Review Summary: The fifth Riverside album showcases the ongoing evolution of the outfit integrating a new set of blues and hard rock influences into their superbly performed brand of progressive rock.
The first letters of the words in the title of Riverside's new album form the word 'songs' and aptly so. Decidedly the most popular Polish progressive rock band has always been concerned about crafting actual songs rather than overly complex compositions that require plenty of time to decipher. Shrine Of New Generation Slaves
is no exception in this respect delivering a collection of accessible progressive rock tunes. However, the album also makes substantial alterations to the outfit's core sound. While their previous full-length delved into progressive metal that was primarily inspired by Dream Theater, this endeavour merges their signature art rock with classic hard rock and blues influences. Not only have bluesy, often psychedelic riffs become an integral part of the quartet's sound, but also numerous songs feature extensive Hammond organ segments. On top of that are improved vocals of Mariusz Duda whose penchant for powerful melodies feels more apparent than ever before.
The discernible shift in style propels the first single “Celebrity Touch,” which juxtaposes a sturdy, Southern rock-ingrained groove with perfectly paced, atmospheric art rock passages to startling effect. “Feel Like Falling” comes as another highlight blending infectious vocal harmonies with stomping bass lines and heavily distorted guitar play featuring great kaleidoscopic soloing. In result, this rocker sounds like nothing Riverside have done before referencing both Peter Gabriel and Rush in the process. No matter how impressive the other tracks are, “Escalator Shrine” is evidently the pinnacle of the record. In its over 12-minute running time, the epic intricately advances from a blues jam built around terrific guitar licks and muddy keys to an expansive progressive rock anthem, culminating in a nearly pastoral section with grandeur.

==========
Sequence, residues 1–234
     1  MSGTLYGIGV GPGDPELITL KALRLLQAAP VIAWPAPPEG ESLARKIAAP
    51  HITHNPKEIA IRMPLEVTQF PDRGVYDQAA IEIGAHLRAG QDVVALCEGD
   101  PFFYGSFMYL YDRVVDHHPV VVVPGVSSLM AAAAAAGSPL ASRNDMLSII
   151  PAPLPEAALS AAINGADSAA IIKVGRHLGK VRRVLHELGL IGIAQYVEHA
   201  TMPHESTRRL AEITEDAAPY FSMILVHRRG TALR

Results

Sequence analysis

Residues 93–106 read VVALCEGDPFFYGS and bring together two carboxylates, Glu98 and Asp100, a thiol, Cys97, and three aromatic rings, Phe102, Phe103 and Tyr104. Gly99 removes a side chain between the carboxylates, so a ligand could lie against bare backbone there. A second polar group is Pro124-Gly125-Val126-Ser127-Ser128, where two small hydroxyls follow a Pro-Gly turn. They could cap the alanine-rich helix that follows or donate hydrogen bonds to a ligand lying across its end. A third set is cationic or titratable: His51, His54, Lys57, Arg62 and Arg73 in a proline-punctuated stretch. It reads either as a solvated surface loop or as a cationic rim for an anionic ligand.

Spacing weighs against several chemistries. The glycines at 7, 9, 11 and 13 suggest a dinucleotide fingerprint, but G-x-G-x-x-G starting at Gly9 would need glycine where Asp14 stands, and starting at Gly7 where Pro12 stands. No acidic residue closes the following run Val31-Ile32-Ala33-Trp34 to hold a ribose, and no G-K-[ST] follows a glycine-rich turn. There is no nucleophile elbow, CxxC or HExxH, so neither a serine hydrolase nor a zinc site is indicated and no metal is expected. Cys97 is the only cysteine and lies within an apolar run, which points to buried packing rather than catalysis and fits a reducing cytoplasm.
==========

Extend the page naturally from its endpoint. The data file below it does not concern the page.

For every attempt at dynamic songwriting, there's a cut that encompasses an inclination towards subtler, more contemplative arrangements being perfectly in line with the foursome's pre-Anno Domini High Definition
work. “The Depth Of Self-Delusion” definitely stands out among other significantly less enticing ballads. The song begins with a hypnotic Tool-echoing rhythmic pattern only to give way to Mariusz Duda's plaintive voice and splendidly arranged accompaniment enriched with acoustic guitar, strings and cymbals. It's a shame that “We Got Used To Us” and “Deprived” fail to make an equally strong impression settling in the safe confines of ethereal art rock. The latter is slightly more alluring drifting into ambient and a fine saxophone solo in its second half.
Thematically Shrine Of New Generation Slaves
revolves around the enslavement of an individual in the course of ongoing technological progress. While the lyrics generally convey this concept rather well, the clunky lines occasionally pop up. The main offender seems to be the opener which is overly straightforward tackling its timely subject matter in a heavy manner. This shortcoming hardly affects the quality of music though. At its core, the fifth Riverside album showcases the further evolution of the outfit integrating a new set of classic rock influences into their superbly performed brand of progressive rock. Even though the record would definitely benefit from more consistent song craft, the new direction taken by Riverside is nothing short of enthralling resulting in songs that impress as much with intricate arrangements as with a permeating sense of levity.